Back on Christmas Eve, when the story broke about Andray Blatche and JaVale McGee getting in a bit of a tiff at a nightclub, I was willing to give McGee a pass. Unlike Blatche, who has put together an (un)impressive list of brushes with the law, McGee has managed to steer clear of that type of trouble.
Sure, his lack of a go-to move in the post is maddening, and yes he falls for every eyebrow twitch of a pump fake, and I’ll give you the fact that he fouls more often than Ted Leonsis blogs. Still, McGee is relatively quiet off the court, and he plays hard on it, which is an enviable quality for a young player to possess, especially on a young team. He’s averaging career highs in every major category, and almost every opposing coach mentions him in their how-do-we-stop-the-Wizards pregame speech.
In a December 29 match against the Indiana Pacers, McGee totally flustered the improved Roy Hibbert. After the game, he sounded like a seasoned veteran when asked about his approach:
“I was watching film on him. So I was definitely just seeing what he does in the post, and I was trying to front him every time so he really didn’t have a lot of touches in the post. That was the game plan, just stop Hibbert and go out there and try to work as hard as we can on defense, and that’s what we did.”
McGee finished that game, the last Wizards win, with 16 points, 10 rebounds and four blocks in 22 minutes. Hibbert had five points, four rebounds, two blocks and five fouls in 15 minutes. But both during and after the Wizards’ loss to the New Orleans Hornets on New Year’s Day, there were some things that troubled me about young McGee. First there was this (although the matador defense by Blatche didn’t help things):
After that dunk, McGee was visibly irritated, and given that he got dunked on and his team was losing, that was totally understandable. But the frustration seemed to spill over into the postgame when, according to both Kyle Weidie of TAI and Michael Lee of the Washington Post, he sat slumped at his locker, his body turned towards the corner and a towel over his head, making it clear he did not want to speak with the media, and if approached, that it would be an awkward interview nonetheless.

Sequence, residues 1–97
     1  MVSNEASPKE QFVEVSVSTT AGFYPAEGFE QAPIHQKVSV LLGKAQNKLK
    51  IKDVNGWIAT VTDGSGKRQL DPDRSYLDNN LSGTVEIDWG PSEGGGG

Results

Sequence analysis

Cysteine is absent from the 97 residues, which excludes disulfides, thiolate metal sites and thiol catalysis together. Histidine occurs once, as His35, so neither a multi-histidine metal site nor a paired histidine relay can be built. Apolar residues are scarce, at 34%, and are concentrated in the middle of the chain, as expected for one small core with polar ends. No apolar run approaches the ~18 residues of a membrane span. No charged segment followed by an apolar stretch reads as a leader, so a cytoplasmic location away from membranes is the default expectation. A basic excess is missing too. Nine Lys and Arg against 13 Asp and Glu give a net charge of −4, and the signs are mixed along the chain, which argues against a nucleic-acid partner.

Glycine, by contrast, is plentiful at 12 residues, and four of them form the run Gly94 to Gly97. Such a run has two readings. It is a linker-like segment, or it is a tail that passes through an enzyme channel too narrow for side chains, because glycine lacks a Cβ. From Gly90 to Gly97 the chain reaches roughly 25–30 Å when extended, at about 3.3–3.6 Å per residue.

Blatche also left without speaking to reporters, but with his inconsistent play, the club fight, and the undying trade rumors, that’s almost to be expected. McGee has been working hard on his game, working hard to be a better team player, and he’s even stepped up his interview game a bit by showing more personality towards the media. Not to mention, he had a stat-line of 12 points, 13 rebounds and six blocks against the Hornets. So, to hear that McGee’s frustration had rendered him reticent — whether it’s because of Ariza’s dunk, the loss or how he perceived his play that night — was disappointing.
It would be easy for me to say that McGee needs some post moves and selective-acting crazy glue to keep him from prematurely jumping and falling for pump fakes, but I’ll focus on the positive. He needs to focus on blocking shots, grabbing offensive and defensive rebounds, and taking the open shot (whether it be a short jumper or a swooping dunk down the lane) when it presents itself. Those are the elements of McGee’s game that have improved this season. Given that Blatche is struggling and Hilton Armstrong is a defensive center, the Wizards need McGee to consistently and confidently give that energy to the team.